Online Video, the Catch Twenty-Two of Advertising?

The online video production and online video advertising industry insiders were buzzing yesterday when this Tubefilter article was published announcing that 80-85% of video ads are skipped.

REELSeo responded and published this article, which asks the question, “are we too optimistic when it comes to online video advertising?”

Is everyone really as shocked as they are writing? Online video and video on demand services have allowed us to skip advertising for years now. Skipping advertisements is almost the pioneering purpose for why people have turned to watching online video in the first place. At least, my thought has always been:

“If I watch my video online than I can watch what I came to watch and that is it. I don’t need to sit through an ad that I know is intentionally trying to sell me something.” 

First and foremost, however, I watch video online to be entertained. If I can’t skip an advertisement I am still pretty hell bent on watching a video, however I am just going to walk away really quickly and come back when the video is on.

I continuously search for the best in online video so that I can share with my friends and they can see that I am knowledgable of what is out there and also portray that I am a funny, witty and carefree kind of gal.

Due to an increasing use of tablets, smartphones and the like, mobile and online video numbers are on the rise according to this Business Insider article. I have to ask advertisers: is online video the “catch twenty-two” of advertising? 

Since it seems inevitable these days that some thought needs to be given to online video but online video advertisements are only watched about 15% of the time, how can advertisers guarantee that their message is going to be viewed?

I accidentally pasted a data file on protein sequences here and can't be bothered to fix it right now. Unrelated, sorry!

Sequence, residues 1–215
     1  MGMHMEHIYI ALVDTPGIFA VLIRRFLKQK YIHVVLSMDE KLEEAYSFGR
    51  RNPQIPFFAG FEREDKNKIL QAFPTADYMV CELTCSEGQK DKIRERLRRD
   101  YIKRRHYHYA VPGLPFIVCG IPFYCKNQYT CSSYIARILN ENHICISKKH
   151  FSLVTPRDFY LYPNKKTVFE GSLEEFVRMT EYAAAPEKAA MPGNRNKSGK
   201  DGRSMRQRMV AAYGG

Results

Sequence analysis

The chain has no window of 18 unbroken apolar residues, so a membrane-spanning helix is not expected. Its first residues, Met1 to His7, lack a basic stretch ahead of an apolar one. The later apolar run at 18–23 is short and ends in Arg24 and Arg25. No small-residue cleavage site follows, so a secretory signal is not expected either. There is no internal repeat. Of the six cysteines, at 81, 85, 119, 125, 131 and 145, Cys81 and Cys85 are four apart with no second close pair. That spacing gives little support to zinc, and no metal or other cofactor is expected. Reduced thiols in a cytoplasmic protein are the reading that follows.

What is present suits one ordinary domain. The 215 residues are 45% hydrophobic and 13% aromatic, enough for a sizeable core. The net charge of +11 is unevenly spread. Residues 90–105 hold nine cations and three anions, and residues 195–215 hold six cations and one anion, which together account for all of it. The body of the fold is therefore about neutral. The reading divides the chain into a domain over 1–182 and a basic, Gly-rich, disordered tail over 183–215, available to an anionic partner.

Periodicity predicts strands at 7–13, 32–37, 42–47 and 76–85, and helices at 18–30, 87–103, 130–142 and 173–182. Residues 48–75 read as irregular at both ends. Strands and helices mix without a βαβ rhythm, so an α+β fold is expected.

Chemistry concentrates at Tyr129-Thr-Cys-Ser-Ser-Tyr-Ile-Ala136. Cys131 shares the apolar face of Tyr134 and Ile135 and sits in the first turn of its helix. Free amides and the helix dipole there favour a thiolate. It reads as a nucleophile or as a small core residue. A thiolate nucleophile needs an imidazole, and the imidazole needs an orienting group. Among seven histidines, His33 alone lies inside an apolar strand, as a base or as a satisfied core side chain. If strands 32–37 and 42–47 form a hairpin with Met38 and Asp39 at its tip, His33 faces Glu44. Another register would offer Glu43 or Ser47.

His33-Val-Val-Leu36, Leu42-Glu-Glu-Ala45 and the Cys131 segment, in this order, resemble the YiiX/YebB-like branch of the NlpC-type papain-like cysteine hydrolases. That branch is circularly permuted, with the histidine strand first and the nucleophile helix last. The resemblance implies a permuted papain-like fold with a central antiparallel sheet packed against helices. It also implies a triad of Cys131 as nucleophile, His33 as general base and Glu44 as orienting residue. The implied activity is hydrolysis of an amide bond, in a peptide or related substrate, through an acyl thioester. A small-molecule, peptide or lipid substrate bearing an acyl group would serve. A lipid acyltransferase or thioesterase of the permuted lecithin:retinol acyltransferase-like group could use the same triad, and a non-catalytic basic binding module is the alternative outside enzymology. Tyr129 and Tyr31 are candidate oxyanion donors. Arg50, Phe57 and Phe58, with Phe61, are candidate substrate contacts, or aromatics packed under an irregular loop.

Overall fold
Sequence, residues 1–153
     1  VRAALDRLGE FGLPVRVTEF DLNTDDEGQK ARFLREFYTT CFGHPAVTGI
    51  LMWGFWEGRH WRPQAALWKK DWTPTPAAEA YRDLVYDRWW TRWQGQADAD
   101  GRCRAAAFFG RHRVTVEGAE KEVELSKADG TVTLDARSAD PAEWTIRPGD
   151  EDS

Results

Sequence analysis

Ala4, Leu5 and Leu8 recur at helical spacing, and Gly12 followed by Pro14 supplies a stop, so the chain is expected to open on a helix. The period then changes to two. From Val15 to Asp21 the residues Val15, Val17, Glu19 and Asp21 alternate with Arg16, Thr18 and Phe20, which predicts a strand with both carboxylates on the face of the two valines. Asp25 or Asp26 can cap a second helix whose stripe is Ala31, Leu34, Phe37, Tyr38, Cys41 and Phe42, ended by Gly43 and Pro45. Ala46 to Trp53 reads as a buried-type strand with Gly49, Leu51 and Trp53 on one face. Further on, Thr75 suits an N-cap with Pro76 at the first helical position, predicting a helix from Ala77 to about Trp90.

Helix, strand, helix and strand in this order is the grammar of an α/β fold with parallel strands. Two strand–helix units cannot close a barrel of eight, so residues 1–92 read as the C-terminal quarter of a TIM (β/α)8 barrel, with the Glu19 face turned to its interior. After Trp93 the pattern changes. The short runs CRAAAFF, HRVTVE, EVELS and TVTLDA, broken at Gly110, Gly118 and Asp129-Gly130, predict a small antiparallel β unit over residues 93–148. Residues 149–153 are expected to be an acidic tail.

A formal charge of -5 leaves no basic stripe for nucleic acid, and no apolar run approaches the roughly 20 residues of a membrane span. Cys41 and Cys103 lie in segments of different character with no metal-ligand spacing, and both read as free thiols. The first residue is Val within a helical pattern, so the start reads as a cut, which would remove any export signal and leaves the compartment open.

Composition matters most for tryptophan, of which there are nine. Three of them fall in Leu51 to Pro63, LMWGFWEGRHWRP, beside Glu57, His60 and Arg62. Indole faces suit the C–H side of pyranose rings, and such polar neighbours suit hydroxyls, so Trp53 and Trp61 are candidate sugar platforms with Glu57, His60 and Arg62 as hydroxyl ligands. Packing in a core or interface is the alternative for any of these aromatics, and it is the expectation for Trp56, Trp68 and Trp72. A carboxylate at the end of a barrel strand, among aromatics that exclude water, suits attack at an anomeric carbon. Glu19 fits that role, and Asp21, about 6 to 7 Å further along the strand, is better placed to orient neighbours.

This is a call to big ad agencies and ad executives: Tell me, how do you feel about this? What are your plans to handle this? Do you think it will change? Can it and how will it?

I think the answer is simple, advertisers need to consider putting their dollars towards entertainment. Less ad focused content and more entertainment focused content will guarantee that your dollars are being spent wisely. Think about it. If I am going to watch a video, skipping an advertisement, you might as well find a way to make the entertaining video somehow your advertisement.

I’d like to hear some thoughts on this. Tweet me @TheeAmyDee.

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Need to learn more about how to create an entertaining video for your brand? email Bryan Ryczek, Business Evangelist at ZoomTilt;  bryan [at] zoomtilt [dot] com.

YouTube Creator Academy: Lesson 1 – 3

This week our Manager of Brand and Community Relations, Amy DePaola (also known on Twitter as @TheeAmyDee), dove into her first ever MOOC (Massive Open Online Course) with the YouTube Creator’s Academy.

Amy, who has produced several web based series, including 617 The Series and the second season of The Rookie Bartender, decided to let us in on some of the secrets that only 32,000 YouTubers are partaking in.

In lessons one through three, which were led by Tastemade’s SORTED Food, Amy learned the difference between subscribers and non-subscribers and how they effect “watch time” and “clicks.” Ultimately, it is subscribers who up your channels “watch-time” and the YTCA is divulging insight into how to increase your subscriber base. In fact, in the new welcome module that YouTube deployed, your subscribers and your non-subscribers see two different page set-ups. Non-subscribers are prompted with a welcome teaser video while subscribers are led right into a channel’s playlist and related content. Both of which creator’s can control.

In addition to how to gain subscribers and design/layout, Amy learned about branding, which brought some perspective as to how you should treat your YouTube page. That is if you are serious about making yourself or your creation about a business. Amy has mentioned that this experience has been motivating for her and she would love if you will follow her as she rebuilds her individual YouTube presence.

YouBrand RoundUP: Auto Edition

ZoomTilt is bringing you YouBrand RoundUP, a once a week in-depth analysis of  video content from top brands in focused industries.

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The auto industry is no stranger to viral video marketing. In fact, there is a reason why we chose this industry as our first industry of focus in the YouBrand Round Up.